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The Joy of Chanukah

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Topic: The Joy of Chanukah

Dear readers,
I recently came across the following beautiful Chanukah story that I'd like to share with you. It's from an interview with Annette Baslaw Finger, Ph.D., who was eleven years old when she escaped Nazi-controlled France. Stranded in the Pyranees with no food, she and her family fled on foot across Spain to Portugal. Here is one of her recollections:

"One time we hadn't had any food for a while, and all we had left was a limp carrot. A single carrot. It was Chanukah time, and I felt enormous sadness because this was all we had. Had I known what was going on with other Jewish children and families then, I would have considered myself very lucky. All I knew was that we had become gypsies, constantly on the move with no place that was safe for us. Our clothes were filthy; we couldn't take hot baths or sit down at a table and talk or have any normalcy at all.

"That particular night we were hiding in a barn, sleeping on hay. I was feeling sorry for myself. I said to my father, 'It's Chanukah. We don't even have a menorah to light.'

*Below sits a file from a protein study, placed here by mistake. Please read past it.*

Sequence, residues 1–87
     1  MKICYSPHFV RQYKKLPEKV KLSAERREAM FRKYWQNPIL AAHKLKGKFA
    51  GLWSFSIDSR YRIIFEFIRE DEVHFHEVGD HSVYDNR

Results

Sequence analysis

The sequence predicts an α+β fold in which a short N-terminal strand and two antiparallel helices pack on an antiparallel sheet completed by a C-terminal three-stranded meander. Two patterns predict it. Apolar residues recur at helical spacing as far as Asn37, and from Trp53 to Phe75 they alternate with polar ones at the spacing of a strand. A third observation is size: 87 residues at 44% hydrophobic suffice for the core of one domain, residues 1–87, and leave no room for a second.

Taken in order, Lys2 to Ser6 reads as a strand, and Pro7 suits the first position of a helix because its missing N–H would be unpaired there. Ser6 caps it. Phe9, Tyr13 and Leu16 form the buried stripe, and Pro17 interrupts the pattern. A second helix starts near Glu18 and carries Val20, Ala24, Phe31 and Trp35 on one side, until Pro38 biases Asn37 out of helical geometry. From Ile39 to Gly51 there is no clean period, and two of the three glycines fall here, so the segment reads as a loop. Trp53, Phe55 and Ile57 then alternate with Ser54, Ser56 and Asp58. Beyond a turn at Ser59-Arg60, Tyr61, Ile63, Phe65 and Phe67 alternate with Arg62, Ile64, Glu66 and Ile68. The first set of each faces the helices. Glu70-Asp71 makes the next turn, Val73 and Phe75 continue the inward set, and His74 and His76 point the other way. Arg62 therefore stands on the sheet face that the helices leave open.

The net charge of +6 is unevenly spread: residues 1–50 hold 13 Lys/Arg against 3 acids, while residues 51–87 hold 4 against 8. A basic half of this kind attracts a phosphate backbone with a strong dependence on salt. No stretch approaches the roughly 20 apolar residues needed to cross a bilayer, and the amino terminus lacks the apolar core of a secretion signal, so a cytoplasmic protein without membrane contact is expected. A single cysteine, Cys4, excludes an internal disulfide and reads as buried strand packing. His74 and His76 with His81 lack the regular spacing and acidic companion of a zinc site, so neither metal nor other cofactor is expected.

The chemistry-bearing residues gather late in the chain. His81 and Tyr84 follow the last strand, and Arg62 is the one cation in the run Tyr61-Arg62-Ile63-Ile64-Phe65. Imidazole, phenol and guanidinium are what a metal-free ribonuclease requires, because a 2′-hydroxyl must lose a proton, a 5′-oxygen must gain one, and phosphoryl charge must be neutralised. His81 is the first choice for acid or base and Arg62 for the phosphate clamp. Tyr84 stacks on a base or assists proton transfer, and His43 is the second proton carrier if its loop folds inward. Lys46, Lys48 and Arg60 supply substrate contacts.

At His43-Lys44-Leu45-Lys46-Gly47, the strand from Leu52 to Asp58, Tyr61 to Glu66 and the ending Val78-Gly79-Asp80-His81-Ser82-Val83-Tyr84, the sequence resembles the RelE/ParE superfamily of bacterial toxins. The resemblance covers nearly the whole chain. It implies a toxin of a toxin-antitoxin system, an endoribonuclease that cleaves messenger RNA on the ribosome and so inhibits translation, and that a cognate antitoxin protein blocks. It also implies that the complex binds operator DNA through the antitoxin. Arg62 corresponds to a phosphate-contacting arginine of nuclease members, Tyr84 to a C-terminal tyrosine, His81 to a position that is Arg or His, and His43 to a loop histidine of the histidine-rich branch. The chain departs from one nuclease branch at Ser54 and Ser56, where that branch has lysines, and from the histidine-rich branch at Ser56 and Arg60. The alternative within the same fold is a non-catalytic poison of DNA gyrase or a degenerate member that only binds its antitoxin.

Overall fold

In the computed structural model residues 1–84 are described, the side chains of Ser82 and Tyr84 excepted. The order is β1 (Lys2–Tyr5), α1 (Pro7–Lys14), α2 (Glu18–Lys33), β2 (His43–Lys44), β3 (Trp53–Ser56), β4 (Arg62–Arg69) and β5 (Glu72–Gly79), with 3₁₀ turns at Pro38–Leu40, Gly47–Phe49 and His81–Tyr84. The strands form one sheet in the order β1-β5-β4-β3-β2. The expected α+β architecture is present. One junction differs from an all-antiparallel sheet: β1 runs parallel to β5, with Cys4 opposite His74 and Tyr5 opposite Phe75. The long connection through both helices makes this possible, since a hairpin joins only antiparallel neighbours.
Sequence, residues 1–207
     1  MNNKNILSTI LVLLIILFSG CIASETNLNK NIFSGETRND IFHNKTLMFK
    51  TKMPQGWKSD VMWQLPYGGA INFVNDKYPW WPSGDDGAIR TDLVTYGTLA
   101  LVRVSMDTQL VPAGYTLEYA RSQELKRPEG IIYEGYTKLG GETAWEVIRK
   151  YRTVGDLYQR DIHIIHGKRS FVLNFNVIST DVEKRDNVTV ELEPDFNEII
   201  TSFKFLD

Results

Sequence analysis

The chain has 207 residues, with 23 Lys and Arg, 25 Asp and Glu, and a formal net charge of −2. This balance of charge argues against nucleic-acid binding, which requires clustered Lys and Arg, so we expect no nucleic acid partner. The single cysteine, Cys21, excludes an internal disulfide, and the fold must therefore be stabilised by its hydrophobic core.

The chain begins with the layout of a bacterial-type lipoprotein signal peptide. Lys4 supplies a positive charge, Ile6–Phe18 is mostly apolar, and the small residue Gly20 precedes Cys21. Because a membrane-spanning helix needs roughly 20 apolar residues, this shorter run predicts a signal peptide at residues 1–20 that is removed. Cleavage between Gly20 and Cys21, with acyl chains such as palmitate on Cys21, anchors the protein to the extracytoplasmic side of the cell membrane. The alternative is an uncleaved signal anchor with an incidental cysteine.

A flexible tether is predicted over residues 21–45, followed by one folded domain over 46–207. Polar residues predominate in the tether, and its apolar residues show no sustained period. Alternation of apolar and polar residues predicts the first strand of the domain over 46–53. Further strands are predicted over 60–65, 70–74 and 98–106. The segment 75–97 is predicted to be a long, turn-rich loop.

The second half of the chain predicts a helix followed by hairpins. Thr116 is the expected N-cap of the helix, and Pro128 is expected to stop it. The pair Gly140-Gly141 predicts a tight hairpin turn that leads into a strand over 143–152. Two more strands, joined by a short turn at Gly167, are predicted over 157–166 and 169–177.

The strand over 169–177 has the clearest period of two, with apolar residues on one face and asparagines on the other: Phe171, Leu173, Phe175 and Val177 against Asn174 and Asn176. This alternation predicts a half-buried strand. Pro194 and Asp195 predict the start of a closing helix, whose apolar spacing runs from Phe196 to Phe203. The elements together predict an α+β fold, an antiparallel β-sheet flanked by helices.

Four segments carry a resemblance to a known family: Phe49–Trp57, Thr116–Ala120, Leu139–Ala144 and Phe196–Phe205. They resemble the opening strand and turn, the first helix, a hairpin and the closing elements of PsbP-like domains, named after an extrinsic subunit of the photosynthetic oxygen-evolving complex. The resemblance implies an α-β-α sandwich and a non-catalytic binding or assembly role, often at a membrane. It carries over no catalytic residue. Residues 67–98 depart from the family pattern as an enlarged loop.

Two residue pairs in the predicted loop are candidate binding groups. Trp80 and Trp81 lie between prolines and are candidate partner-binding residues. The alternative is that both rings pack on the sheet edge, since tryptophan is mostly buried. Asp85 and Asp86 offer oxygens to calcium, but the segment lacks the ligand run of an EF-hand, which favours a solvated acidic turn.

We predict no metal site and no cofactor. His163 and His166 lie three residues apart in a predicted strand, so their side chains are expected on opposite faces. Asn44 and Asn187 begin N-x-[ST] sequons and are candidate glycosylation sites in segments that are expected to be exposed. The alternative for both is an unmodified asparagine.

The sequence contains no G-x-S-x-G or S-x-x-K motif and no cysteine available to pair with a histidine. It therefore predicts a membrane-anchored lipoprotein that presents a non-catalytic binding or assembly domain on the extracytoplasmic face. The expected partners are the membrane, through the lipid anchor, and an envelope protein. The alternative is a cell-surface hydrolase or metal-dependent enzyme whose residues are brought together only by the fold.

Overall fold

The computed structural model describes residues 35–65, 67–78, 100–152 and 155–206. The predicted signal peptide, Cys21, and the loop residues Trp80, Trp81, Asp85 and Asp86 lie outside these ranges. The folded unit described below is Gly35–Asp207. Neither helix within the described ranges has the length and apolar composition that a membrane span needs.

"My father said, 'What do you mean, we don't have a Chanukah menorah? We have the most beautiful menorah possible!' With that he opened the door a crack, pointed upward, and said, 'Look up at the sky.' We were someplace in the country. It was a pitch-black night, so the stars were brilliant. He said, 'Pick out the shammash.' (The shammash is the head candle on the menorah.) I picked out the most brilliant star. My father said, 'Good. Now let's pick out the other eight candles.' So we picked out the other eight candles, and we lit a menorah in the sky.

"It was beautiful! So close to heaven and close to G-d. Then we went back into the barn, and we played with an imaginary dreidle. We were spinning it, and then we'd call out what we got. Not unexpectedly I won! The prize was the carrot - that carrot, which just a few moments before had been a symbol of deprivation and sadness and loss, suddenly became a treasured prize.

"Magnanimously I shared that carrot with the whole family. In whispers we sang Chanukah songs, and it felt wonderful to be Jewish. That turned out to be probably the most memorable Chanukah I've ever had, and the most joyous one."

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